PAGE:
Meet John Eusebio, the Filipino stunt director behind the R-rated holiday action-comedy film “Violent Nights,” opening in PH theaters on November 30.
Christmas is back in action this year as Santa’s been trained to fight by Filipino stunt director John Eusebio in the upcoming action-comedy “Violent Night”. From 87North’s Kelly McCormick and David Leitch, producers of bare-knuckle hit films such as Bullet Train, Nobody, John Wick, Atomic Blonde, Deadpool 2 and Fast & Furious Presents: Hobbs & Shaw comes “Violent Night”, a holiday action-comedy that says you should always bet on red.
Starring David Harbour (Stranger Things) as Santa Claus and as a surprise combatant who’s about to prove why Nick is no saint when a team of mercenaries breaks into a wealthy family compound on Christmas Eve and takes everyone inside hostage. “Violent Night’s” Santa Claus is the real Santa, but in a way that we’ve never seen him before. This Santa is a protector and a warrior with some seriously bad-ass skills, but in the film, he’s become slightly bitter and tired about the otherwise merry holiday.
Jonathan “Jojo” Eusebio, a Filipino stunt director who has worked with 87North on various projects, including on the John Wick franchise delivers the action as the second unit director in Violent Night. “Jojo was one of the original members of our choreography team, so we’ve been working together a good 20 years,” producer Leitch says. “The talent that’s gravitated to 87North is beyond the physical. There’s a common work ethic and desire to make movies, and Jojo has always had that same drive in him. I have so much respect for him and love the work he’s been doing, both with 87North and without.”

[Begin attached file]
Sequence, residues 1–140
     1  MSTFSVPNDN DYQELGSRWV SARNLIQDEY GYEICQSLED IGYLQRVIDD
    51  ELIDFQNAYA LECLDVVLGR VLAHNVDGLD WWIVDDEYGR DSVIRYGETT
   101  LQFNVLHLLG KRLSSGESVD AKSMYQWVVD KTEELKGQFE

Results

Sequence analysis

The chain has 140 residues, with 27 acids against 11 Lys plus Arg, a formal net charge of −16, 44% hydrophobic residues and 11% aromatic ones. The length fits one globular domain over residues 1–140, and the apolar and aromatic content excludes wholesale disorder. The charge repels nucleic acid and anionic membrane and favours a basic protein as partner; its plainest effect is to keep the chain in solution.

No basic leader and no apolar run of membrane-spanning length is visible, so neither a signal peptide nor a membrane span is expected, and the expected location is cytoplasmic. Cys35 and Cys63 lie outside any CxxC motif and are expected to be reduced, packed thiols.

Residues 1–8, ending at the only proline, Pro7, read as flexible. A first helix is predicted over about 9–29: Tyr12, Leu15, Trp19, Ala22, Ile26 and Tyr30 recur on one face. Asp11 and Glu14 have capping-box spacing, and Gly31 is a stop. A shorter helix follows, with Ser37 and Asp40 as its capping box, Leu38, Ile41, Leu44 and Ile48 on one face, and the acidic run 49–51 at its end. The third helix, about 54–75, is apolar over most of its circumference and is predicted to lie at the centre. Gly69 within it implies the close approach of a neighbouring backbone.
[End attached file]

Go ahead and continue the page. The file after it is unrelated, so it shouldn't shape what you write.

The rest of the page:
The success formula for 87North includes having stunt teams that are better than anyone else in the world at their craft. “Jojo had the desire to be challenged and he was inspired by the Christmas backdrop,” producer McCormick says. “He brought a team together that had amazing athleticism and skill, and I think they all learned a lot about blending the wit and comedy with the action in the film along the way.”
David Harbour trained intensely and extensively for the role, which allowed for more specialty shots, long takes and big movements that wouldn’t have been able to be done safely without that hardcore training.
Harbour’s work added depth to Santa’s backstory and allowed the audience to find a deeper connection and empathy with the character. “When we meet him in the film, Santa is a curmudgeon who doesn’t like Christmas anymore, but underneath that, he’s a broken man,” Leitch says. “It gives the character humanity and makes him relatable, and that came from suggestions from David.”
For his part, Harbour wasn’t initially sure about the role when the idea of the film was first explained to him. “I first heard the pitch from my agent, who told me, ‘It’s a violent Santa Claus movie,’” Harbour says. “My initial response was, ‘What are you talking about?’ But then, they told me the filmmakers wanted to talk to me about it. So, they called me up and told me the general idea, and it sounded so hilarious, fresh and different.”
A Universal Pictures International feature, “Violent Night” will open in PH cinemas on November 30. Rated R-16 by the local censors board.